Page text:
Dairy farmers co-operative Murray Goulburn has wrapped an eleventh-hour takeover offer for Warrnambool Cheese & Butter in the Australian flag, in an attempt to sidestep potential competition issues and win the hearts, minds and wallets of shareholders.
It has made a significant counter-offer in cash of $7.50 a share to Warrnambool shareholders to satisfy the commercial hardheads. It has also pulled out the public/national interest card to win over the farmers and rural community as well as avoid a rejection from the competition regulator, something it tried in 2010 but withdrew before a likely knock back from the Australian Competition and Consumer Commission and a hostile board.
This time around, it has decided to exploit legislative changes made in 2007, which created a merger carve-out in the ACCC for mergers that might otherwise be prohibited under Part IV of the act. A company can now take the "authorisation route", which enables it to go straight to the Australian Competition Tribunal, which allows the parties to argue that the merger has substantial public benefits even if it lessens competition.
The takeover offer will make an interesting test case as it is the first time the tribunal has been called on to authorise a merger on public interest grounds. Using this option leaves the ACCC on the sidelines, playing a minor role in the decision-making. Instead it will provide a report to the tribunal, giving its views on the merger proposal and where it sees the benefits. But at the end of the day, it will be up to the tribunal, not the ACCC, to decide.
Until 2007, applications for authorisation were made directly to the ACCC. Its last case was in 2005, when two hospitals in Launceston applied to merge. The regulator approved the merger on public interest grounds.
It explains why jingoism will be an important weapon in the $420 million cash takeover bid for a company that was on the verge of falling to Canada's Saputo at $7 a share, after the Warrnambool board rejected a cash and scrip offer from Bega Cheese earlier this week.
Murray Goulburn boss Gary Helou didn't hold back at a media briefing after lobbing a bid: "Our sector is overcrowded, sub-standard and largely foreign owned and [they] ... are not doing the job for Australia. Unless we arrest this, we will become a net importer in 15 years."
Strong words that will resonate with dairy farmers in Australia who have been doing it tough in the past few years and have been frustrated by how well their New Zealand cousins have been faring, and the relatively untapped opportunities in Asia.
What Helou will be arguing is that if Murray Goulburn is successful, it will be the farmers taking back the power. As a co-operative, if they successfully merge with the cheese and butter group, the profits will be used to pay higher farm gate prices for milk. This will help the farmers reduce debts and reinvest in the community. If it goes to the Canadians or Bega, it will result in lower milk prices and the profits will be distributed to shareholders who don't necessarily have a direct connection to the rural sector or the farms.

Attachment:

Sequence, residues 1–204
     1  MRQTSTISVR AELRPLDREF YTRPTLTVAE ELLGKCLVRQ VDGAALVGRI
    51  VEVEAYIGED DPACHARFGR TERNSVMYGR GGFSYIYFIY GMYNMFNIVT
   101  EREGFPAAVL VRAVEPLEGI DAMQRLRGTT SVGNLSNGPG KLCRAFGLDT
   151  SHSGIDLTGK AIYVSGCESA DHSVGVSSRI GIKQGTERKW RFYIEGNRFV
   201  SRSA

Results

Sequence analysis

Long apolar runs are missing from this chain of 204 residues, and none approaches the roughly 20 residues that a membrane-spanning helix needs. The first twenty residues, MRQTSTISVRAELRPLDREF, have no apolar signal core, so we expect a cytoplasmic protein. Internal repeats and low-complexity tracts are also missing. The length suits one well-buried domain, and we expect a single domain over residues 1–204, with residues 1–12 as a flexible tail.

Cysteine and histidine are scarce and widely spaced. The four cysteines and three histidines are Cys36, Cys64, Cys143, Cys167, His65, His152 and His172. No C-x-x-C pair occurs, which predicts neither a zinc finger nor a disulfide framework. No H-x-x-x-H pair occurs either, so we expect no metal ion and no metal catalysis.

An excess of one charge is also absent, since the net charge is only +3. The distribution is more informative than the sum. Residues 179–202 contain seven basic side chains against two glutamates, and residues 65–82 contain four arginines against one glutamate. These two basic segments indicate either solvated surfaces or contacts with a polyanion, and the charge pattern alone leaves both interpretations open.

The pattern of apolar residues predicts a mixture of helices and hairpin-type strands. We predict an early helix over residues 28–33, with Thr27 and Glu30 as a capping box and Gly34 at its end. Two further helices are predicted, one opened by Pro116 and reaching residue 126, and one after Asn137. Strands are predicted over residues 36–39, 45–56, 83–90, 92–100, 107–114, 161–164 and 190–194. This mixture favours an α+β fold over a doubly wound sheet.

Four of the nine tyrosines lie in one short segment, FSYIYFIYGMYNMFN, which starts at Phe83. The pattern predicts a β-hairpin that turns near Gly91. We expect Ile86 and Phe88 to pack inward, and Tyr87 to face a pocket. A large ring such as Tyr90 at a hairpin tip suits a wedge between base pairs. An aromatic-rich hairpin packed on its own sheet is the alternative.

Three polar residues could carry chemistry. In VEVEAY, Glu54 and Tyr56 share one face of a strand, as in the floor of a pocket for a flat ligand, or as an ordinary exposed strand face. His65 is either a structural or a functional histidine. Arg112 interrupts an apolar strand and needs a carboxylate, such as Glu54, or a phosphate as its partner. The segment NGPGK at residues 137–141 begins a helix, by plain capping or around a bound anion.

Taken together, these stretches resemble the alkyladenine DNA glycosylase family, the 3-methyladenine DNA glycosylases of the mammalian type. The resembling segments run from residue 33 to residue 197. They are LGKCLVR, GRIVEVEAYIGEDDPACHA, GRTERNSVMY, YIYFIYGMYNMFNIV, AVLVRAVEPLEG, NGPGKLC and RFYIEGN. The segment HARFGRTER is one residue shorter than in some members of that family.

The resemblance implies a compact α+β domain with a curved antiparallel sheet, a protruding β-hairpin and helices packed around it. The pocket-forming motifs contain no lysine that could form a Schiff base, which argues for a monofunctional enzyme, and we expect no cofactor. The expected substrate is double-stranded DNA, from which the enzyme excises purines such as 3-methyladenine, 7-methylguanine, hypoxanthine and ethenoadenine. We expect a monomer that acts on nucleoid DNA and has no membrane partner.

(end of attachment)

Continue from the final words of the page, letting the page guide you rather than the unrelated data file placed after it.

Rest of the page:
It is a powerful public interest argument that will be used to convince the tribunal to give the merger the all-clear.
Whatever the case, the move by Murray Goulburn to enter the fray with a $7.50 a share cash offer (higher than the figure Warrnambool's independent experts valued the company at) puts its shareholders in a win-win position because it holds a little more than 17 per cent of Warrnambool. If its offer is approved, the merged entity will become a top-20 dairy company globally, and if it is rejected but triggers a counter-offer, it will gain a windfall on what was looking like a done deal for Saputo as late as Thursday.
But there is a bigger picture at play than just money, and that is what Murray Goulburn will be drawing on. Put simply, the Warrnambool share registry is held by up to 40 per cent of dairy farmers and another block of shares is held by former suppliers who still live in rural areas and have a strong aversion to foreign companies buying up Australian land, or food and agricultural companies.
The nationalism card has already been raised in the foreign takeover bid for grain handling operator GrainCorp, with the Nationals and farmers vehemently opposing the offer. It is now in the hands of the Foreign Investment Review Board.
With so much land and Australian agricultural businesses being sold to foreigners, including Australian wheat board AWB, Dairy Farmers, National Foods and others, there is a growing concern the nation could have done more with the mining boom and now it is throwing the soft commodities boom away by selling to foreigners.
Southern Highland News recently reported Indonesia planned to buy 1 million hectares of Australian farmland to raise cattle for its market, to address record high beef prices. It went on to say "more than 11 per cent of the sheep, beef, cattle and grain farming industries reported some level of foreign ownership - totalling about 44 million hectares". Austrade figures support this data, showing the Northern Territory has the highest level of foreign land ownership at 23.8 per cent.
Indeed, Nationals senator John Williams said on Friday if an Australian company such as Murray Goulburn wanted to buy Warrnambool and was offering more than a foreign company, there should be no issues. A generous offer price and nationalistic arguments make powerful bedfellows.